Tarashcha is a cantonal capital of 20,000 inhabitants, of which 7,500 are Jews (500 families), 22 versts from the railroad at Olshanitz. The city was not rich; for instance at Passover 30,000 rubles were distributed to the poor. The relations with the local bourgeoisie were peaceful but they were, of course, anti-semitic. In November 1918, the region of Tarashcha was the starting point of the uprising against the Hetman.
On June 16, 1919, the city experienced its fifth pogrom. They [sic] were caused by the band of Yatzenko, a native of the village of Kerdan, three versts from Tarashcha. All around are vast, thick pine forests, where it is easy to hide. Yatzenko is 24 years old and completed the course of the two-class school in Tarashcha. In March he declared himself for Petlura and immediately started an anti-semitic agitation, saying that "the Jews are all communists, they defile our sacred edifices, turn them into stables." In the Executive Committee of Tarashcha were many Jews, all local. The Extraordinary Committee had shot six local counter-revolutionaries not long before the June pogrom. Although there was not a single Jew in it (the Extraordinary Committee), the gang spread the report abroad that they had been killed by Jews, their tongues and ears cut off, etc., and that for these six slain, six thousand Jews ought to be demanded. When the city was taken they ordered the bodies disinterred.
This band, beginning in March, several times broke into the city and perpetrated pogroms, but they were comparatively trifling and were limited to pillaging and extortions. In May it was driven
out by a Soviet detachment, after which the Soviet regime lasted about a month in Tarashcha. But in the middle of June the band again approached the city in larger numbers (about 800 men). The garrison numbered not more than a hundred men and therefore withdrew. The band seized the town. It [sic] consisted of Yatzenko's men and some remnants of Grigorievists under Col. Nechai. Immediately plundering began and devastation, which lasted two days. The local bourgeoisie took no active part in this pillaging. A contribution of a million rubles was levied on the Jewish population. They succeeded in getting 300,000, and announced that if the rest were not furnished they would massacre everybody. At this point the sixth Soviet regiment arrived and the band departed. The Soviet regiment put a stop to the plundering of the city.
All the shops were smashed and plundered. The losses were more than ten millions. Two persons were killed.
Approximately on June 20 the rumor went around that the "villagers" ("village-workers") were again attacking the city. The Soviet Regiment withdrew, and with it departed almost the whole Jewish population. Four thousand Jews went to the town of Rakitnoe [9 miles north]. The rumor proved untrue, but not more than fifteen Jewish families remained in the city.
Testimony of Goldfarb, written in Kiev,
Hello Simochka*, my dear relative,
Simochka! I can tell you now that I am in good health.
Simochka! I am deeply grateful for your letter. At last, you remembered to write a few words.
Simochka, it seems that the saying "far from the eye, far from the heart" is also true of you. When you lived in Tarashcha, you wrote and considered me a relative. But when you left, you forgot about me, or you think that you should not consider me a relative.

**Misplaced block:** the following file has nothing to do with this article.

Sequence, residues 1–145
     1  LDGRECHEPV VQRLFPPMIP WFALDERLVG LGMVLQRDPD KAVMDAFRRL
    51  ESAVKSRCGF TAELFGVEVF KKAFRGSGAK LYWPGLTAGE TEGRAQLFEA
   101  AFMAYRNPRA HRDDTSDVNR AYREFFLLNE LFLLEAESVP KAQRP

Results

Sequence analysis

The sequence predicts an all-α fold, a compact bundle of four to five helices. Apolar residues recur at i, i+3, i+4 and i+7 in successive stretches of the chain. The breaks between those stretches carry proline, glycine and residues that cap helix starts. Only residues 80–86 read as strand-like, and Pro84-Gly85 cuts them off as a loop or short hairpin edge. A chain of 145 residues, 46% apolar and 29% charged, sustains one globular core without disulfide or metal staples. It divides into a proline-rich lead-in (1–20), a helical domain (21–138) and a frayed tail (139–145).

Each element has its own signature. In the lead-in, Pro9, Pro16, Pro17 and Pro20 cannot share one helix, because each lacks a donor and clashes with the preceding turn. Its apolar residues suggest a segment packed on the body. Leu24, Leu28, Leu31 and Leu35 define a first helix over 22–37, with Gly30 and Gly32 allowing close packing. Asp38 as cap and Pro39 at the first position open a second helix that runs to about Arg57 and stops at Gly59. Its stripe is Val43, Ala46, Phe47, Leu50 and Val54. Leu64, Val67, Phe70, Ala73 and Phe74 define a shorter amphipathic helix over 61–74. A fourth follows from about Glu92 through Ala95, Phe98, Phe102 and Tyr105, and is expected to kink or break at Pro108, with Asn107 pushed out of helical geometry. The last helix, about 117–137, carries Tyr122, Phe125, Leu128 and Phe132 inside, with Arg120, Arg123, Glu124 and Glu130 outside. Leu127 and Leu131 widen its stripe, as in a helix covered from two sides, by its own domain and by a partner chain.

Simochka, you write that you miss home. I can write to you that there is nothing to miss, because you know everything. Now it is even worse than before.
Before, if one had money, at least one could get flour, or bread, but now, one cannot get this even for money. Now we stand in line for a pound of bread. Sometimes, we stand and stand, but they run out of bread. And so, we go home without bread.
Simochka, my life is very bad now, because since Easter there has been no work at all.
Simochka, you write that you are studying. I am very glad about this. May God give you success in your work.
Simochka, please let me know what class you are taking.
Simochka, you write that I have nothing to envy you. So, dear Simochka, I repeat once more that I envy you, because you see my sister.
Simochka, I wish I could see my sister and my brother-in-law, even if through a tiny crack.
Simochka, you write that we should not think that my sister made demands on you. We absolutely don't think so.
Simochka, I only envy you, because you are there, while we have remained here to suffer.
Simochka, there will not be enough paper to describe to you my present torment.
Simochka, you ask me to describe to you how I spend my time. Dear Simochka, I can write to you that a hungry person cannot have a good time.
Simochka, if you have an enemy, may God see to it that he has as good a time as I have and that he lives as we do.
Dear sister Feyga and dear brother-in-law Kalman,
I can report to you that I am in good health. Dear sister, please write if Grisha has already arrived in America, or not. If he did, please tell him to write a letter.
And so, dear sister, please write how is your health. Dear sister, I miss you very much. There is nothing else to write about.
Your sister Fruma
Simochka, my relative, please give my regards to everybody.
Sima, tell yours not to forget what they had said. Many, many kisses to my sister and my brother-in-law.
Am waiting for an answer.